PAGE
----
Cloudstore: Government launches public sector app store

A screenshot of the Cloudstore The Cloudstore was built in "just a matter of weeks"

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The government has launched a new "app store" which it says will help small businesses offer IT services to the public sector.

The Cloudstore, as it will be known, will feature more than 1,700 apps provided by more than 250 suppliers.

It is hoped the service will allow organisations to purchase services on a "pay-as-you-go" basis, rather than be locked into lengthy contracts.

About 50% of apps are being provided by small- to medium-sized businesses.

They typically include services such as email, word processing, system hosting, enterprise resource planning and electronic records management.

The Cloudstore would help contribute to overall planned savings of £180m by 2015, the government said, although a spokesman admitted it was "difficult to anticipate total saving with the constant changes in technology".

Francis Maude, Minister for the Cabinet Office, said: "Simply stated, purchasing services from Cloudstore will be quicker, easier, cheaper and more transparent for the public sector and suppliers alike."

The scheme is part of a wider effort to move more government services to "the cloud" - a method of computing where software and information is stored on a central server and shared across a network.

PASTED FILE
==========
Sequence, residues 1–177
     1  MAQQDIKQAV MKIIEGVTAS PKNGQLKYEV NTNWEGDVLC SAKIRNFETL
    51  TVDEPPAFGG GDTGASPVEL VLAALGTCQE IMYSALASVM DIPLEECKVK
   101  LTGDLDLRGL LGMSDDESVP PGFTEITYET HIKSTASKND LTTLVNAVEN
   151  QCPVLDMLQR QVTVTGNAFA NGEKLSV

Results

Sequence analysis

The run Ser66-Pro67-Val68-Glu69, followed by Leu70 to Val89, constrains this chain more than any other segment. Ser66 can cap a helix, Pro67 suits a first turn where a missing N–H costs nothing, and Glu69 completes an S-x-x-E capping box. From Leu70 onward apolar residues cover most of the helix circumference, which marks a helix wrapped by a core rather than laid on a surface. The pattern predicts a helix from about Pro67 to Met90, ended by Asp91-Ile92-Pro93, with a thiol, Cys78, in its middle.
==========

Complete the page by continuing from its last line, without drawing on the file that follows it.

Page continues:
'Matter of weeks'

The site was built by Hampshire-based development firm Solidsoft.

The company's chief executive, Garth Pickup, told the BBC the site was created in "just a matter of weeks", and there was still work to be done.

"At that moment it's a catalogue - the store functionality is not there just yet," he said, adding that the government had yet to decide who would continue development of the site.

One of the businesses involved in the scheme is Jadu, a firm which provides web content management, online forms and mobile web tools.

Chief executive Suraj Kika welcomed the scheme, but said it was important for potentially reluctant government departments to be encouraged to use the service.

"Cloudstore represents a revolution in how the public sector buys software and services," Mr Kika said.

"This bold move has potential to showcase the UK as a global leader in online service delivery, providing the procurement culture in government evolves to take advantage."

It is as yet unclear if Solidsoft, which has so far not charged for developing the site, will be responsible for the site's future direction. Discussions over this are said to be due to take place on Tuesday.

"We'd be looking to build in an evolutionary approach to this - every day something new coming along," Mr Pickup told the BBC.

"The best websites tend to be highly reactive about how people are using their sites and the feedback they get. It's much more effective to have an agile approach."

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